Nintendo's job at E3 was to get fans reinvested in the platform, and to get new customers excited about the idea of picking up a Wii U. Both Microsoft and Sony have enjoyed wonderful starts to a long life in the "next-gen" console race, but Nintendo's hardware sales need a boost if the Wii U is going to continue to be viable.
So did that happen at E3? Are we walking away shocked and amazed at what we saw?
Jokes and jokes and jokes
Nintendo isn't having a bad show, and there were a number of new things announced that should be exciting for fans of the company and console. They even joked about Mother 3 and made an Elijah Wood quip during the broadcast. In terms of making things fun for those who follow Nintendo closely, they did very well, and played to the hardcore audience perfectly.
A new that takes advantage of the title U GamePad is a great one-two punch — having Shigeru Miyamoto working on a title is interesting enough, but having Nintendo show its own commitment to interesting in GamePad ideas is just as important.
The downside is that the game is in an early state, and Nintendo almost never shows off ideas before their time. This reveal seems to be another bit of evidence that suggests Nintendo had to dig deep to have enough stuff to show that would get people talking at E3, and we shouldn't expect to be frustrated by Slippy Toad anytime soon.
One of the most interesting bits shown was the idea of the amiibos, which is spelled in all lower case, by the way. These are toys that will eventually work across multiple pieces of Nintendo software. They'll launch with Super Smash Bros. for Wii U and be operated with the GamePad to share information both ways — the game will talk to the toy and the toy will talk to the game.
You'll give your personal amiibo all sorts of customization, and we were told support for the toys would also be coming to Mario Kart 8. This initiative will launch this year, but it's an add-on to existing games, not a reason to jump into something new.
Here's the big question: Was a lack of a Skylanders-like option the thing that was keeping people from buying a Wii U? The idea is cool, and Nintendo-themed toys will sell in large numbers to the true believers, but Nintendo's strategy has to be to move more pieces of Wii U hardware, and with Star Fox as just a tech demo and the toys serving as primarily an add-on to the hardware and games, there's little reason for people to get excited about picking up a Wii U.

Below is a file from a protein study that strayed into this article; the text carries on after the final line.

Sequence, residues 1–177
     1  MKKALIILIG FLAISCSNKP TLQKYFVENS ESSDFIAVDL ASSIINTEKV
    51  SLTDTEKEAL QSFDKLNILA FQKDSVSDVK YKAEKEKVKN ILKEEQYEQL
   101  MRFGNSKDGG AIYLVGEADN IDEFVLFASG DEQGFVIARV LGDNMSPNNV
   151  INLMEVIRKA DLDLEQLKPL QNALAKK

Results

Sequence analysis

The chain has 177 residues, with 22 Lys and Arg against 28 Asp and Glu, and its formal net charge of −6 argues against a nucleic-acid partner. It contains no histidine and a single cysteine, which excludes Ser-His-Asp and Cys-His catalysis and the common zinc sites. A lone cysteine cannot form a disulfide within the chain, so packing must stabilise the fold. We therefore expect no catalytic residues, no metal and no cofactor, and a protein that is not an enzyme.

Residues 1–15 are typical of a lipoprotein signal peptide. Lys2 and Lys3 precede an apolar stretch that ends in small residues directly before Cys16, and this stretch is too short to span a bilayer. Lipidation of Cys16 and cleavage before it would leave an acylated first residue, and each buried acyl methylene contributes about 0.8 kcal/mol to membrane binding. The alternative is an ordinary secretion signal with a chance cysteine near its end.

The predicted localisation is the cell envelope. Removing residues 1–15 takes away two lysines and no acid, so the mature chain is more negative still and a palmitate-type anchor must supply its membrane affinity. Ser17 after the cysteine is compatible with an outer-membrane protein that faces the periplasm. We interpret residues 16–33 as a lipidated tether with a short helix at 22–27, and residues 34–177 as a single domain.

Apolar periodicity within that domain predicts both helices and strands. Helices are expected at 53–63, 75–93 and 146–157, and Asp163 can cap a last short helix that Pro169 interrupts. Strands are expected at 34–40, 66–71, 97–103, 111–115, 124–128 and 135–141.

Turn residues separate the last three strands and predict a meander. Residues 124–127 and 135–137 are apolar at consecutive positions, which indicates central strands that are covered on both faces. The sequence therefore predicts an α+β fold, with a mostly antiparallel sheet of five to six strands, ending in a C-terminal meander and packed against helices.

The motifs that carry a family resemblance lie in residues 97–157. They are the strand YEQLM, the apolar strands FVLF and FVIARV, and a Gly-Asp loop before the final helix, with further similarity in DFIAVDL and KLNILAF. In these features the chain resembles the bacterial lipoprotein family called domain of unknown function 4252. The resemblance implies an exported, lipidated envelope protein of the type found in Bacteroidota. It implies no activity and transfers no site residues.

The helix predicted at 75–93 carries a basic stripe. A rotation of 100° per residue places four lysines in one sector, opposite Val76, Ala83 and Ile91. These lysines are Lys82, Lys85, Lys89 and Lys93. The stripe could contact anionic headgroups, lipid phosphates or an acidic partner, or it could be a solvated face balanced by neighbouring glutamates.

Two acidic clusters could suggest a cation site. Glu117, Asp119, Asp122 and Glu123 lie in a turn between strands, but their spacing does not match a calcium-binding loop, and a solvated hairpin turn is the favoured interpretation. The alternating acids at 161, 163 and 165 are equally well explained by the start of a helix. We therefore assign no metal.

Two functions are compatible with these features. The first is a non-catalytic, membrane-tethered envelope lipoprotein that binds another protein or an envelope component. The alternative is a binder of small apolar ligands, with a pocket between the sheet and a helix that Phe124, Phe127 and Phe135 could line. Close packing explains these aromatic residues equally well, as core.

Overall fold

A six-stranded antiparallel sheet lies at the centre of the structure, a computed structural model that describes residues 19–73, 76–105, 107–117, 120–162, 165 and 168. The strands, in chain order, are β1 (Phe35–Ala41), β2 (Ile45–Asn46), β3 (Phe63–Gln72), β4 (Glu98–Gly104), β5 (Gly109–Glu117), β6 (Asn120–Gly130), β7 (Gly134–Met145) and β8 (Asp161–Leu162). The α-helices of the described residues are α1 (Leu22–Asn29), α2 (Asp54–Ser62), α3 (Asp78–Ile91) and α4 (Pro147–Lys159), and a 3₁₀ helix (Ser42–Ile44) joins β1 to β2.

amiibo are an add-on to existing games, not a reason to jump into something new
Even the new game shown is coming 2015. It's going to be a long 2014 if the only things we have to look forward to are Super Smash Bros. and toys. On the other hand, the little bit we saw of the game looked amazing; this is a game that will make people buy the system. That one scene, with the high-definition flowing grass and the redesigned look for Link, was enough to sell damned near everyone on the game. This is the power of Nintendo.
The Mario games have long had some of the best level design in the business, so the challenge of making your own in Mario Maker is going to be hard to pass up. But again, it's coming in 2015. What does this do for the company this year?
There is a new Kirby game coming, and a new Yoshi game as well that looked cute as hell, but again these titles are attractive to people who likely already have the system. Nintendo needs more tent poles like Mario Kart 8, a game that moved both massive numbers of games and got people into the stores to pick up the hardware.
There are some interesting-looking games on the way, but the things that will get people in the story to buy hardware are around a year away. All the funny jokes and fan service in the world can't change that fact.